Bringing reading to kids
Fiesta de Libros takes to a mall to give children access to literature.
By Alberto Rodriguez email@example.com
If the mountain won’t come to Muhammad, Muhammad must go to the mountain, as the popular saying goes. This same concept comes alive most weekends in the form of books that make their way from libraries and bookshelves into the hands of small children in an unexpected place — the mall.
Fiesta de Libros takes place the second and fourth Saturday from February until October in a space adjacent to the children’s play area in Plaza Fiesta, one of the most popular spots in the local Latino community.
The program was created four years ago by the Unitarian Universalist Congregation of Atlanta, with the mission of promoting literature and providing free books in English and Spanish to Hispanic youth under 17.
“We recognize that reading is fundamental in children’s education, and through this program we want children whose families aren’t able to get to the public library to have easy access to free books,” said Laura Murvartian, founder and director of Fiesta de Libros.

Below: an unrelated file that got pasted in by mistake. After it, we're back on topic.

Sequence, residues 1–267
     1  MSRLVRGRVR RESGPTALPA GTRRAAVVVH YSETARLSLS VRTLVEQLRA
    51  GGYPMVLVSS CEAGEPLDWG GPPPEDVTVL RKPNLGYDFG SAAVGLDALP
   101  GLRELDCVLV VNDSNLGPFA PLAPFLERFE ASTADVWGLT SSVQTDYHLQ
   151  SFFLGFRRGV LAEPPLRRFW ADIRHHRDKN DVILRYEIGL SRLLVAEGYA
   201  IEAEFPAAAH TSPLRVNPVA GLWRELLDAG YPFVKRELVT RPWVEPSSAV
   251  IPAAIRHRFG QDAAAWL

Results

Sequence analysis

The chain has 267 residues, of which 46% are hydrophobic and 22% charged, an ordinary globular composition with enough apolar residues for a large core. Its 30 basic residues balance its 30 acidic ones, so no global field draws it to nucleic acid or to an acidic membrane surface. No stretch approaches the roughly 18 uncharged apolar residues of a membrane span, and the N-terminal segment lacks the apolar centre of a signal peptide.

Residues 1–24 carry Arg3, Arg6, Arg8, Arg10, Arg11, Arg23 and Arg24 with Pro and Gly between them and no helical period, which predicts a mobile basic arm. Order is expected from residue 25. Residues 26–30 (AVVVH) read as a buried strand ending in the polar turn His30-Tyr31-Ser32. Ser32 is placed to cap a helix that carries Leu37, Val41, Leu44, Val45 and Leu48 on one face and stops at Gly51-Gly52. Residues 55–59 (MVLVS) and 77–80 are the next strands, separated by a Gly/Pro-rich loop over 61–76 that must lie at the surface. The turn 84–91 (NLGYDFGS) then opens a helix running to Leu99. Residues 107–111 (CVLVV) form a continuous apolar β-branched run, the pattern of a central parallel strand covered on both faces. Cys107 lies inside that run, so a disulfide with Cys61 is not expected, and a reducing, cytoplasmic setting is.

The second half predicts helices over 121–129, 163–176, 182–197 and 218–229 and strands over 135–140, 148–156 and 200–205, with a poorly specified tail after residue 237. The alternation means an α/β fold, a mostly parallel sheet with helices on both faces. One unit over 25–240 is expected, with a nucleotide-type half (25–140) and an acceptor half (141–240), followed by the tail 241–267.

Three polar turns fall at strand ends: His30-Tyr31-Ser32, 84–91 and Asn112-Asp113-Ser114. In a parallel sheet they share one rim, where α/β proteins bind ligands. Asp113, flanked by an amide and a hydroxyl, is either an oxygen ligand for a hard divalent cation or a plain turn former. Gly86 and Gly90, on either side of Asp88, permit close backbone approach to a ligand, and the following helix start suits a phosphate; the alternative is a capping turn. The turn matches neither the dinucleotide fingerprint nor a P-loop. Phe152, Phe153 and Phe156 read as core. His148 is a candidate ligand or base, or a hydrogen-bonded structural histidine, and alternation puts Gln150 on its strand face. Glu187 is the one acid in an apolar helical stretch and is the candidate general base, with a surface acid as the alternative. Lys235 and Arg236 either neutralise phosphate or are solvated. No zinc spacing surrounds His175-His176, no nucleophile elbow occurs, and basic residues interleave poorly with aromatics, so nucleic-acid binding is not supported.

The idea came to her after a visit to New York, where she observed people reading in the park and participating in various educational and cultural activities.
“When my congregation (UUCA) asked me about what kind of service would be of use for the Latino community, I suggested this program,” Murvartian said.
The nonprofit group gets book donations from local businesses and organizations, among them The Institute of Mexican Culture, the DeKalb County Public Library system, The Westminster Schools and Comcast.
“It is with immense pride that The Institute of Mexican Culture aligns itself as part of Fiesta de Libros. This program encourages literacy, a love for learning, and accountability for making choices that propel future success,” said Gabriela Gonzalez-Lamberson, executive director of The Institute of Mexican Culture.
Last year several students from The Westminster Schools donated books to the program that they had written themselves, Murvartian added.
In addition to access to books, the program offers story time, book exchanges, audio books and chess.
Sandra Vicente, from Guatemala, and sons Jason and Joshua, ages 4 and 7, respectively, attend Fiesta de Libros frequently. They recognize that reading promotes imagination and helps develop intelligence. They also believe that the possibility of having access to books while out shopping or grabbing a bite to eat on the weekends is a great opportunity.
Every child who attends Fiesta de Libros takes home a free book. By the end of 2014, the program had given away 7,300 books, said Murvartian. Fiesta de Libros has been such a hit that Plaza Fiesta has donated a commercial space that will be inaugurated soon to allow the program to expand to Sundays.
“Our long-term objective is to encourage children to read and to keep reading through adulthood and eventually pass it on to their own children,” Murvartian said.
credit: Atlanta Journal Constitution